All I Want For Halloween Is To Be Scared Of Sugar

Most of the time, candy is not the kind of reward kids think of when presented a conditional situation. Throughout the year, they are promised and granted toys, experiences, and allowances for their good behavior, good grades, and overall goody two-shoes persona. Halloween comes along once a year and negates all the virtue and instead rewards you with the vices of all flavors, shapes, and sizes. You dress up as the nightmares of your imagination, maybe as the ones that frighten you the most, like the Batman does, and face your fears by mocking it in costume. But I do not object to a sexy Headless Horseman or Bearded Lady (can you imagine the necking? Horrific!). Halloween has a lasting effect, more than for its annual ceremony, that stays behind long after the night is out.

The cool air in the unwilling bend of the trees sends the heat in your body to your ears. Leaves share gossip about your every footstep alongside the even louder silence, your only company. Your stomach talks back to you, echoing like a cavern. It says to borrow sugar from more than one neighbor. Neighbors leave no sign of life, not one sordid tenement in sight, except the kitsch decorations of mechanical zombies, scaffolding skeletons, toilet paper ghosts, glitter-covered, plastic pumpkins, and the occasional GO AWAY! or NO MORE CANDY signs that is or is not ironic at this hour. The freaks should have been prowling earlier by now. Less tricks and more treats for you.

With your pillow case in tow and resourceful costume on your back, the last minute holiday houses are ready to be greeted. The first is no different from the last; just a regular cookie-cutter piece of suburbia. Though this house has no decorations. Up the path to the front door is no front door. In its place is a cobweb of drapes and bed sheets that seem used. Another unoriginal, but still classic, sign that reads TAKE ONE is suspended above a wooden stool where a bowl of candy resides. I thought it was trick or treat, not trick and treat. Regardless, I knew better than to outwit this haunted house or escape the game of afterlife it led werewolves, vampires, and robots to their doom with. As these sweet tooth monsters approached the bowl and reached in for their edible prize, a voice pounded their heads as if a snare drum and tuba fought over volume and background noise. The sound equaled out and found its desired receivers. They did not like the message.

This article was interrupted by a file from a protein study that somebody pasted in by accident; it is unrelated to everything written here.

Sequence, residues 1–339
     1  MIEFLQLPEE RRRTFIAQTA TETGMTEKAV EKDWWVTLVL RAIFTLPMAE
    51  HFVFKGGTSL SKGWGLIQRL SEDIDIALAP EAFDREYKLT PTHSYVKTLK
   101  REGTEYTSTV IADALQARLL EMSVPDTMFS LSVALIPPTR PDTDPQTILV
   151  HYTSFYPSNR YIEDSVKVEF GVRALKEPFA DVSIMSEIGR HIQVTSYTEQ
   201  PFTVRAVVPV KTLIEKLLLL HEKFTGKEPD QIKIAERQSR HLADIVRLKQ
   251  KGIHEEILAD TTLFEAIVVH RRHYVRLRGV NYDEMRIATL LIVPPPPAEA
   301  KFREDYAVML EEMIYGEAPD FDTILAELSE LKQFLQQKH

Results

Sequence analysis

My older-kid-neighbor that outgrew candy, and found extracurricular joy out of scaring children half his age with his high school band's mic and speakers, found the one holiday he could enjoy without remorse and vicarious sentimentality. I had to pat myself on my undead shoulder for knowing a trap when I saw one, although the gimmick's scare never wore off the rest of the evening. Every doorstep I managed to reach had me looking for a hidden Wizard of Oz derelict from ever being used for evil again.

And that was the last year I took part in Halloween.

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